AUSTIN, Texas — Texas Gov. Greg Abbott announced Thursday he would like to step up the punishment for crimes committed during a protest.
"Texas is not going to tolerate violence, vandalism or rioting," Abbott said on Thursday during a press conference.
Gov. Abbott proposed legislation that if approved, would do the following:
1. Causing injury or destroying property in a riot: Felony offense and mandatory jail time.
2. Striking a law enforcement officer during a riot: Felony offense and mandatory jail sentence of at least six months.
3. Using lasers to target law enforcement officers: Felony offense and mandatory jail time.
4. Blocking hospital entrances and exits by protesters or rioters: Felony offense and mandatory jail time.
5. Using fireworks at protests and riots: Criminal offense and mandatory jail time.
6. Aiding and abetting riots with funds or organizational assistance: Felony offense and mandatory jail time. This will also give the Office of the Attorney General power to pursue civil penalties against people and organizations.
Protests against police brutality have continued across the country for months. They started up again recently due to Wednesday's indictment in the Breonna Taylor case, where none of the officers were charged directly for her death.
Charlie Baird, a former judge who is currently a criminal defense lawyer, said he feels it's typical to see a response like this.
“I think that what the governor has done is he’s offered some type of legislative package that seems to me to be a response, perhaps even a political response, to what’s been going on with these protests," Baird said.
He added that charging large groups of people at a time with felonies could come at a cost.
"To prosecute all these felony offenses could in fact be very costly. The problem for our law enforcement and for prosecution is when you arrest multiple people for multiple offenses at the same time, it just puts an extra burden on the criminal justice system," Baird said. "It puts a stall on other cases that should be processed in the criminal justice system. And it costs of course a lot of money because you have a lot more prosecutions, which requires more judges, more prosecutors and more court staff and perhaps even more law enforcement officers."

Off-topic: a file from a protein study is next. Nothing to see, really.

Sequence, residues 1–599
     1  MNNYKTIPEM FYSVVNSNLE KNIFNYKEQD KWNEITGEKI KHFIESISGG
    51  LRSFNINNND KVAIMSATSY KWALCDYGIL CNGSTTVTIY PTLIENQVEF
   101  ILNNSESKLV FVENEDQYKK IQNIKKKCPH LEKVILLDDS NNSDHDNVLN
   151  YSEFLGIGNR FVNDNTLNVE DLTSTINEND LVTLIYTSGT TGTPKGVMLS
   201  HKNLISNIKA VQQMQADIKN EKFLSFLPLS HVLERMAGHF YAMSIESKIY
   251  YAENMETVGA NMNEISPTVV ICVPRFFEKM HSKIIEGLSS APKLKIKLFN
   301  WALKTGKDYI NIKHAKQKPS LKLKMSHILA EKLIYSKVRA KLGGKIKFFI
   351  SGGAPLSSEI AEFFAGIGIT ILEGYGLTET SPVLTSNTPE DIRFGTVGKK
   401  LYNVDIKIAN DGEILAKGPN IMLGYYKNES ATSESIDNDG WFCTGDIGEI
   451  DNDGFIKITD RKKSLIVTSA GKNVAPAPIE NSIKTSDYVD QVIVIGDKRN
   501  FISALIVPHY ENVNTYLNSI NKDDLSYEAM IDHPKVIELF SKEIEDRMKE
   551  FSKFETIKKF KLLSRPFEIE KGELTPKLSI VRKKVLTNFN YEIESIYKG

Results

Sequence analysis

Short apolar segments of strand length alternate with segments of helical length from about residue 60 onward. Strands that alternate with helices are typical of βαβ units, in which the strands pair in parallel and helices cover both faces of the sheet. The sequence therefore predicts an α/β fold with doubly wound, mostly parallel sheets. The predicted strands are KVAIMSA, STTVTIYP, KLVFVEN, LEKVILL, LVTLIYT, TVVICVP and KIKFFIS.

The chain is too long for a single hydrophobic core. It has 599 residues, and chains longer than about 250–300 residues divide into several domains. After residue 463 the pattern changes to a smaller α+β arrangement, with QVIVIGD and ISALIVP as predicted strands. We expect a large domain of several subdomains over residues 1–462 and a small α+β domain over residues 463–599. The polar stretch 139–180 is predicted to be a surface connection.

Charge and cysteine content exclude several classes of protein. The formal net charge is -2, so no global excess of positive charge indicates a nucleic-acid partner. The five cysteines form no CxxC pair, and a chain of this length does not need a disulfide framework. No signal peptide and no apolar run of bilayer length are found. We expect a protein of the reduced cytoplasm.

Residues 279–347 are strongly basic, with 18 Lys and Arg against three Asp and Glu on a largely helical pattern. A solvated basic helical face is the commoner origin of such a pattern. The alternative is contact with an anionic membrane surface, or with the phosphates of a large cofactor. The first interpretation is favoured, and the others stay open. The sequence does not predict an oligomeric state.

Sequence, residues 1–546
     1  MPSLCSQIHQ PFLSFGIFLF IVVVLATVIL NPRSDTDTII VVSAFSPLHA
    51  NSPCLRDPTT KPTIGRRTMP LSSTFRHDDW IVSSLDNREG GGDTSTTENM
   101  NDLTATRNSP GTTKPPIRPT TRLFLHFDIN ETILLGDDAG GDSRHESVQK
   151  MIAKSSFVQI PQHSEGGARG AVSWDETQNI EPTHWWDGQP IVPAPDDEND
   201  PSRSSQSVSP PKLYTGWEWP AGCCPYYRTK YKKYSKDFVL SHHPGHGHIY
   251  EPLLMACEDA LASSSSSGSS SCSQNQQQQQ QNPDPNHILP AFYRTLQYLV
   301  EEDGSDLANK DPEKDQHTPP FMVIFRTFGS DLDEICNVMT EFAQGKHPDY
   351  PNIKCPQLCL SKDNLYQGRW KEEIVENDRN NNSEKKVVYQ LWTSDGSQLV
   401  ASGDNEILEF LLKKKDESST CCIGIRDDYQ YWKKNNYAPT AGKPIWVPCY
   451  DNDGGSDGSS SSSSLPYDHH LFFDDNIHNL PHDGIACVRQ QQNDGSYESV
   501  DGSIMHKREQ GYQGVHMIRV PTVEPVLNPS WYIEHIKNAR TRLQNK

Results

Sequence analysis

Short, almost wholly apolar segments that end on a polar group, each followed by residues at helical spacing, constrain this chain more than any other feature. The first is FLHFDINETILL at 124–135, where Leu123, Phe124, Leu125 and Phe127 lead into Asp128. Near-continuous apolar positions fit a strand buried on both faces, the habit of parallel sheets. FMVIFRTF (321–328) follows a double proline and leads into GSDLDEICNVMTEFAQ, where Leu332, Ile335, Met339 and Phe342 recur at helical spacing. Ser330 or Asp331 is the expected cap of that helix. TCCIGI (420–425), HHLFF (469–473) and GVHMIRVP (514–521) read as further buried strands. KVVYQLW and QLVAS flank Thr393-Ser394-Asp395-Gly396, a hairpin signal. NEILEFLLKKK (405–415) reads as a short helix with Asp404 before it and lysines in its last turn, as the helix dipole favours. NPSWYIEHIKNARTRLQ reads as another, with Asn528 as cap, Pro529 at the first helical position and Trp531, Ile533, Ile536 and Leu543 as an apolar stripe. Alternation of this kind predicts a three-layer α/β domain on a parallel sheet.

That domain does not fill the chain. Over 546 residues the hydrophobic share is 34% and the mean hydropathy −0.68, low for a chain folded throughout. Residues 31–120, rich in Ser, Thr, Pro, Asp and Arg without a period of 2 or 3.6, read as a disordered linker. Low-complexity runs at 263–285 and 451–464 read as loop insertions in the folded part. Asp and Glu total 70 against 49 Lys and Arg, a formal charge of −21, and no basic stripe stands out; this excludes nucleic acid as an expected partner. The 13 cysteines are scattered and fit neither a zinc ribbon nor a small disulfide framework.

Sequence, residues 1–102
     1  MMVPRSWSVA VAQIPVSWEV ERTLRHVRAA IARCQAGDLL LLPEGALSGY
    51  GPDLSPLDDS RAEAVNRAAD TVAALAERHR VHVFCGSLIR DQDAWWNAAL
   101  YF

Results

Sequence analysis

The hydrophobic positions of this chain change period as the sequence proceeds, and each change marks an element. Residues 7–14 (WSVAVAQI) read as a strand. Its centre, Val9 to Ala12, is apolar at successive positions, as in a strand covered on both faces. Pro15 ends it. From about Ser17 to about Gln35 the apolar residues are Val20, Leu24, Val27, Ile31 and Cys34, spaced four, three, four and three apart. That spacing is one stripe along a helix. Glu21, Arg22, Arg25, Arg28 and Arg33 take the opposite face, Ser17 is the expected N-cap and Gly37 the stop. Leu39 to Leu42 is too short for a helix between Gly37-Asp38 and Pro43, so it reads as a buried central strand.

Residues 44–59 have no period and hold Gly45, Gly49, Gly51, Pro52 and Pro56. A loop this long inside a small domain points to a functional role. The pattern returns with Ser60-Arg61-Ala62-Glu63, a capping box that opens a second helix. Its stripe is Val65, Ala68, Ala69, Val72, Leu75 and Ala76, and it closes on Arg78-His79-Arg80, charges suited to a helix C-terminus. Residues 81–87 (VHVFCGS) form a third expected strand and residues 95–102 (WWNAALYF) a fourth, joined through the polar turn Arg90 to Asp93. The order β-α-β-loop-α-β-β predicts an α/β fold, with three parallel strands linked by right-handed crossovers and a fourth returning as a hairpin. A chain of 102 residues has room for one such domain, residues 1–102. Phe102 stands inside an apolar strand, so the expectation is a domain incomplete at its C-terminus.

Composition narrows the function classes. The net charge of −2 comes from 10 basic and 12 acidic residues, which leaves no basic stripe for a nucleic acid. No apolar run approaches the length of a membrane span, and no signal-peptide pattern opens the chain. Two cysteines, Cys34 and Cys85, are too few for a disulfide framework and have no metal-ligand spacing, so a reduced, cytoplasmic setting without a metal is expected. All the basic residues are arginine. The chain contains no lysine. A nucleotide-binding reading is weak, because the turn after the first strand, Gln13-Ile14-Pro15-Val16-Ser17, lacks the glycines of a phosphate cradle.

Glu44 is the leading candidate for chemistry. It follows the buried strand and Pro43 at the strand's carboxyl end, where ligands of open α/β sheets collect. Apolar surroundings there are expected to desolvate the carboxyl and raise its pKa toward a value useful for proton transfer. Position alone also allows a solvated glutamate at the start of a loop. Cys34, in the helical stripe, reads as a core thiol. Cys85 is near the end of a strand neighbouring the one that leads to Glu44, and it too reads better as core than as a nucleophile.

Baird also said it'd be difficult to prosecute the sixth crime listed in Abbott's proposal, aiding and abetting riots with funds or organizational assistance.
"I think any law enacted for that purpose would violate the Constitution of the United States, particularly the First Amendment, because you have a right to assemble, you have a right to protest, you have a right to express your grievances and you certainly have the right to contribute to those efforts," Baird said. "In other words, you could have – you could give money to an organization and you could transport them from Travis County to Washington, D.C., for example. And then up there something could happen that would be unfortunate, that could in fact break into violence. But you couldn’t prosecute the individuals who provided the transportation. That would be a violation of their First Amendment rights."
Baird also said something like this could result in people facing criminal liability who were not actually doing something illegal at the time of the protest.
"That is problematic certainly because in a riot situation, you could have people trying to disband and stop the riot or trying to exit themselves from the riot," Baird said. “And what you would have in a situation like that where you’re essentially prosecuting the entire event, is that you’d have individuals exposed to criminal liability that shouldn’t be – in fact trying to get away from and separate themselves from the riot.”
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